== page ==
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  • Book
    Zhen (Peggy) Yao.
    Digital2010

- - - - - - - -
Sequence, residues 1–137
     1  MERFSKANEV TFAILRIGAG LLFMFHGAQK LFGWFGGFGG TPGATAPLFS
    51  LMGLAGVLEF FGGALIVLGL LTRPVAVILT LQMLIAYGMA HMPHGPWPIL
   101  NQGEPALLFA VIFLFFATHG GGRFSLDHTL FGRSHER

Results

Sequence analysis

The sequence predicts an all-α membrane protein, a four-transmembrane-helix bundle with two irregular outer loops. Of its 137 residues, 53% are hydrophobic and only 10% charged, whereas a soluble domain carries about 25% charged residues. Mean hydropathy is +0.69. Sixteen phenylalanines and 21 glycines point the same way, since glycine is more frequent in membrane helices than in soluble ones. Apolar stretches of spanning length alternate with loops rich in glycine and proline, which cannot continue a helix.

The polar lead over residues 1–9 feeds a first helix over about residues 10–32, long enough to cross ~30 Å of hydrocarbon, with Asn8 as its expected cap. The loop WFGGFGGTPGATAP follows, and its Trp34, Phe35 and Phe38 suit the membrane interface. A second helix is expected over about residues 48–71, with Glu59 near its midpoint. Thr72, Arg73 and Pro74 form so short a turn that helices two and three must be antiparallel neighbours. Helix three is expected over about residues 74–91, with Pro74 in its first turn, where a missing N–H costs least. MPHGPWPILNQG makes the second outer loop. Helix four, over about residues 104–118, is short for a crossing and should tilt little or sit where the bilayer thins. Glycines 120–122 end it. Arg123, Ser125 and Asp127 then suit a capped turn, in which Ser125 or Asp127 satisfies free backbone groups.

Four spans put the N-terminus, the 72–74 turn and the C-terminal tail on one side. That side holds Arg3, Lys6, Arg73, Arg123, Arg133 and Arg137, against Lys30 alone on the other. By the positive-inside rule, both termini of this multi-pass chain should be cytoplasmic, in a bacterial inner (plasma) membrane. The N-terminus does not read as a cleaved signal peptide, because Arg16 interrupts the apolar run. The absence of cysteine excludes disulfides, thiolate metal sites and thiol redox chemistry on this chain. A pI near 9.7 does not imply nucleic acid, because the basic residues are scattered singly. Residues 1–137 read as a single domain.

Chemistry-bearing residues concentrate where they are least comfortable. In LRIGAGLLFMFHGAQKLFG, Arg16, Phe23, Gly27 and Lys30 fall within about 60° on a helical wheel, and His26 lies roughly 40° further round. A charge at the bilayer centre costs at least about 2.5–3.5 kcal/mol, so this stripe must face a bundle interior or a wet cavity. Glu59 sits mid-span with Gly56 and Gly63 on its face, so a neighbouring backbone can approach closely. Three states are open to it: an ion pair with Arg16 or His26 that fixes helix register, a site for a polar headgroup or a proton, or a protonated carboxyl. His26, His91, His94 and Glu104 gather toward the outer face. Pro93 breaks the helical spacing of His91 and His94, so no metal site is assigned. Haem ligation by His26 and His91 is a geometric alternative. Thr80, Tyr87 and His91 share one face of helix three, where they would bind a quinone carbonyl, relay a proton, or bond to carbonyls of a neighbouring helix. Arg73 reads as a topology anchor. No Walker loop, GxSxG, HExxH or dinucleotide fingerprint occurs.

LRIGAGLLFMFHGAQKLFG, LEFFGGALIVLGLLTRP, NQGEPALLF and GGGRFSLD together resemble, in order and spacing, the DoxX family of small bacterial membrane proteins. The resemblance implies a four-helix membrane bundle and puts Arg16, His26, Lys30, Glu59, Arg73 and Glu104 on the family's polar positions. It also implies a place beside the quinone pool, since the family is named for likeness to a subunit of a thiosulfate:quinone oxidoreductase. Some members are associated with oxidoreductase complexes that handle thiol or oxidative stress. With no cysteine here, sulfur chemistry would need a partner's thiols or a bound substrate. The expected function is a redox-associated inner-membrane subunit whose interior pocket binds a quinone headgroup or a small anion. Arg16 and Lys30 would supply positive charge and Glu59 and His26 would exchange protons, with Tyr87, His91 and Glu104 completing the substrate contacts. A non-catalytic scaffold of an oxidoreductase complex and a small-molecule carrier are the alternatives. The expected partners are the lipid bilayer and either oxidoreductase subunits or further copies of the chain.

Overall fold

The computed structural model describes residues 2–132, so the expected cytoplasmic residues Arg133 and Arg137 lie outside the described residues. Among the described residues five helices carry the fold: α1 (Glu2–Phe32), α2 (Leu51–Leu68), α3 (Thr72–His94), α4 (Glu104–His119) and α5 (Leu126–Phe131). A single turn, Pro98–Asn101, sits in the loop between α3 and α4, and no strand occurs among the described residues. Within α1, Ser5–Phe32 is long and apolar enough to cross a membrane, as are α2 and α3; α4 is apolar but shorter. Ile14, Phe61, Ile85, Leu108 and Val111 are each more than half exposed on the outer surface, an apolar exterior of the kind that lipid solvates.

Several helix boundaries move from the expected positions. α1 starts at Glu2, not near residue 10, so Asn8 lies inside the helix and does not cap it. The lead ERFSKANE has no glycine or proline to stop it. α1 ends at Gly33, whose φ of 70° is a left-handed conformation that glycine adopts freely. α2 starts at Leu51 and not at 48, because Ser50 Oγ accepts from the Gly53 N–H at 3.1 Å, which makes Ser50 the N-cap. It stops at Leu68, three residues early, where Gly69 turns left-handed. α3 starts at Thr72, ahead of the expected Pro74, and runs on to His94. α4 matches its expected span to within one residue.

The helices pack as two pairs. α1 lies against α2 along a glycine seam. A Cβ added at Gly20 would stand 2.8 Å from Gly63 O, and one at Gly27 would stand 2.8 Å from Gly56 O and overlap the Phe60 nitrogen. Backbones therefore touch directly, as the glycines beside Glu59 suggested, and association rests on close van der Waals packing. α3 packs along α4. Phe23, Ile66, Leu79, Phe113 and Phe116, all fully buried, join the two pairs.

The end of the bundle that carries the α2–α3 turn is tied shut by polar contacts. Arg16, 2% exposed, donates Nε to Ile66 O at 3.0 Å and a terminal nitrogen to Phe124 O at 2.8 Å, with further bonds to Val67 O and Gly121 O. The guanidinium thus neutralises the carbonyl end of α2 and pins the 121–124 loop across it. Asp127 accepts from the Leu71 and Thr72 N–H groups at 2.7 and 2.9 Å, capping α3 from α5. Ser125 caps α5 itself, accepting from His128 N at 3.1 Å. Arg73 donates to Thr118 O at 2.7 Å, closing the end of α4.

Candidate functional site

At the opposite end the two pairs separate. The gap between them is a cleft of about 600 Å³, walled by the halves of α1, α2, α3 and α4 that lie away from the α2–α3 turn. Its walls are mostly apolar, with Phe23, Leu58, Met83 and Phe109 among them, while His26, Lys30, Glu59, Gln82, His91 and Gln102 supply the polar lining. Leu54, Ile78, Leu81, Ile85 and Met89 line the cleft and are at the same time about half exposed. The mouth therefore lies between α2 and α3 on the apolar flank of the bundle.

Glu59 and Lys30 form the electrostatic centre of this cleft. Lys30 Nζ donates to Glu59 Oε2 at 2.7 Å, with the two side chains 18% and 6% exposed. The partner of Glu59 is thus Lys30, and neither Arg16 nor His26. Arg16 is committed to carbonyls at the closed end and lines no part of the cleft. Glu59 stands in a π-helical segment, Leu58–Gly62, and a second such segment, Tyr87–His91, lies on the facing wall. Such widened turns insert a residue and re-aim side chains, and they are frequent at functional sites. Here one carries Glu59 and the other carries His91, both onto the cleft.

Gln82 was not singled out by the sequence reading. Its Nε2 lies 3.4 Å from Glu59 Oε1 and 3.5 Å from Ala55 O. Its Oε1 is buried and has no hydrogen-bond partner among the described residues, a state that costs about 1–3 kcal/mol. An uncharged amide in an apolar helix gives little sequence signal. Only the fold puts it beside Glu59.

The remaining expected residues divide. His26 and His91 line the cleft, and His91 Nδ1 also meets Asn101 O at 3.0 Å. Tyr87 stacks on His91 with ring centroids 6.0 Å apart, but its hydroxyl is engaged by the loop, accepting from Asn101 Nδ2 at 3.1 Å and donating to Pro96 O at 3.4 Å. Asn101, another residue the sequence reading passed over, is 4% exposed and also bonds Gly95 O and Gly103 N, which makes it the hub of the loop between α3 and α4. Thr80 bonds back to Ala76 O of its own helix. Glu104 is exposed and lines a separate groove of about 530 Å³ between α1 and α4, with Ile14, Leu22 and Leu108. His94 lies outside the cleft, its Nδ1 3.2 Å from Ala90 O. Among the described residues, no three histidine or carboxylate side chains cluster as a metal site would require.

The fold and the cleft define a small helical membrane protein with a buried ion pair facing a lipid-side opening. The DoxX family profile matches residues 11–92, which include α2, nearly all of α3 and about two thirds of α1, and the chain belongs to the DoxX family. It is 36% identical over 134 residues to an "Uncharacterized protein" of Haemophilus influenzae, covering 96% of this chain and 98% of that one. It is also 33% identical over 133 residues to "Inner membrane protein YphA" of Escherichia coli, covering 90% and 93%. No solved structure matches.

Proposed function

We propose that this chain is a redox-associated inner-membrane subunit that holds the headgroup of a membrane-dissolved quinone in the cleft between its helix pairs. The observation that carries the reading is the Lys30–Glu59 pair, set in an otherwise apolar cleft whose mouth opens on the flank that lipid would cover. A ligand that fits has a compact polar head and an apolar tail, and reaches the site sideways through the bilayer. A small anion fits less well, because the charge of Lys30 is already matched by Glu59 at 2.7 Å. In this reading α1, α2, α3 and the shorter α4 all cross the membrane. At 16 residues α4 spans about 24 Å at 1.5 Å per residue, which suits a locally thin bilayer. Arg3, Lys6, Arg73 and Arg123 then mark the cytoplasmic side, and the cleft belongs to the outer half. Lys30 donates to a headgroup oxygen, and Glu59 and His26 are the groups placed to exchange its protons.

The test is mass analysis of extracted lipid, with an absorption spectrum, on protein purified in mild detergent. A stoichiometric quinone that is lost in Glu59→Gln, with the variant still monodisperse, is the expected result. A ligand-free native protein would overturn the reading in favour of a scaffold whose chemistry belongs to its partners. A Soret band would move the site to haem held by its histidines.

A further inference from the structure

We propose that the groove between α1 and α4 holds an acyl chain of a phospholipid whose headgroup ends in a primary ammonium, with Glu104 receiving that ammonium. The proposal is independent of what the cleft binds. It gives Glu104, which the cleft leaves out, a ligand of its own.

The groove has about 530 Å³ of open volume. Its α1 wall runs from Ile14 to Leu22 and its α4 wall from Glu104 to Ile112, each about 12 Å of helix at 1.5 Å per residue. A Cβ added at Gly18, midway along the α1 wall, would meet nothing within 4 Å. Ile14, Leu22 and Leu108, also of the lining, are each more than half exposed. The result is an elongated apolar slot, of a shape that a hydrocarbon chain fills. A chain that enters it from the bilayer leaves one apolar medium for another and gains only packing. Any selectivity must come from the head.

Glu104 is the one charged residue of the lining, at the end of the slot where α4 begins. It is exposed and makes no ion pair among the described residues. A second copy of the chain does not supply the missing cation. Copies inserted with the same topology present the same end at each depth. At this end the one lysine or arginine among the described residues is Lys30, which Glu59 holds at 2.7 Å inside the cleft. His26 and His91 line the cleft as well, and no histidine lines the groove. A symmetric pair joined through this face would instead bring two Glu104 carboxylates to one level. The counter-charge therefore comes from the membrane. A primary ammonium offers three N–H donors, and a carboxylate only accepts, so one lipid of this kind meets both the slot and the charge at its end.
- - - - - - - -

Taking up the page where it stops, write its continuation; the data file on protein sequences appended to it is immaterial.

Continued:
The conformational selection model is emerging as one of the best options to model protein flexibility in ligand binding. According to this model, a protein spans an ensemble of rapidly inter-converting folded conformations and a ligand selects the most favorable conformations to bind to from this ensemble. However, only a small number of folded conformations can be obtained experimentally (e.g., from X-ray crystallography, NMR spectrometry, or cryo-electron microscopy), while existing computational techniques (e.g., Molecular Dynamics and Monte-Carlo simulation) are often too expensive to sample conformations broadly distributed across the folded state of a protein. This dissertation focuses on designing new computational methods to efficiently explore the folded state of a protein using kino-geometric sampling approach, i.e., an approach that only considers kinematic constraints (fixed bond lengths and angles) and geometric constraints (no collision of atoms modeled as hard spheres). This approach heavily relies on the fact that in a folded state protein atoms are densely packed. The kino-geometric approach is first applied to loop sampling, where the goal is to explore the conformation space of a loop between two secondary structure elements (helices and/or strands) assuming that the conformation of the rest of the protein is fixed and given as input. Next, it is applied to the considerably more complex problem of sampling folded conformations of an entire protein. In both cases, the proposed methods are validated by showing that the kino-geometric sampler is able to produce a relatively small distribution of conformations (of a loop in the first case, and of an entire protein in the second case) that contains one or more conformations at small Root Means Square Deviation (RMSD) from a "target" conformation. This target conformation is not given to the kino-geometric sampler; therefore, the sampling process is not biased toward this conformation. The main computational difficulties in sampling folded protein conformations result from the large dimensionality of the conformation space and the very small relative volume of the folded subspace. While the small volume of the folded subspace is a necessary precondition for any sampling-based exploration method to work (otherwise a prohibitive number of samples would be required to adequately represent the subspace), it also makes it hard to sample conformations that fall into that subspace. The problem is analogous to looking for a pin in a haystack. For loop conformation sampling, a kino-geometric sampling method based on constraint prioritization is proposed. The idea is to break the loop into several pieces and, for each piece, to achieve the most restrictive constraints (geometric or kinematic) first. The method was tested on loops varying in length from 5 to 25 residues. Its combination with a pre-existing functional site prediction software (FEATURE) makes it possible to compute and recognize calcium-binding loop conformations. To sample folded conformations of an entire protein, this dissertation proposes a set of algorithms integrated into a sampler called KGS. Inspired by two previous kino-geometric samplers (ROCK and FRODA), KGS explores the folded state of a protein by expanding a distribution of conformations from an input folded conformation (usually extracted from the Protein Data Bank). Like ROCK and FRODA, it avoids unfolding the protein by selecting stable hydrogen bonds (H-bonds) and integrates them as additional kinematic constraints. But H-bonds result in a protein kinematic model containing many (often several dozens) interdependent closed kinematic cycles. These cycles considerably complicate sampling operations, as the rotatable dihedral angles can no longer be perturbed independently. The contributions of KGS are threefold: 1. It uses a Jacobian-based method to simultaneously deform many cycles of a protein kinematic structure without breaking them. This method is faster than that of ROCK, and allows deformation steps of greater amplitude than FRODA. 2. KGS embeds a new non-biased diffusive strategy that expands quickly away from the input conformation and progressively samples conformations more and more densely distributed over the folded state. 3. To predict H-bond stability, KGS uses a protein-independent model where energetic contribution is only one predictor among others. This model, trained on molecular dynamics data, has been shown to be 20% more accurate than models based on energy alone. Experiments show that KGS can sample functional (binding) conformations of a protein, given a non-functional (non-binding) one, even when the RMSD between the two conformations is large. This work indirectly demonstrates that kinematic and geometric constraints provide a good characterization of the folded state of a protein, despite the fact that they only implicitly and partially encode electrostatic and van der Waals (vdW) energy terms. On the other hand, it is much faster to handle these kino-geometric constraints computationally than energy functions, which are made of many terms.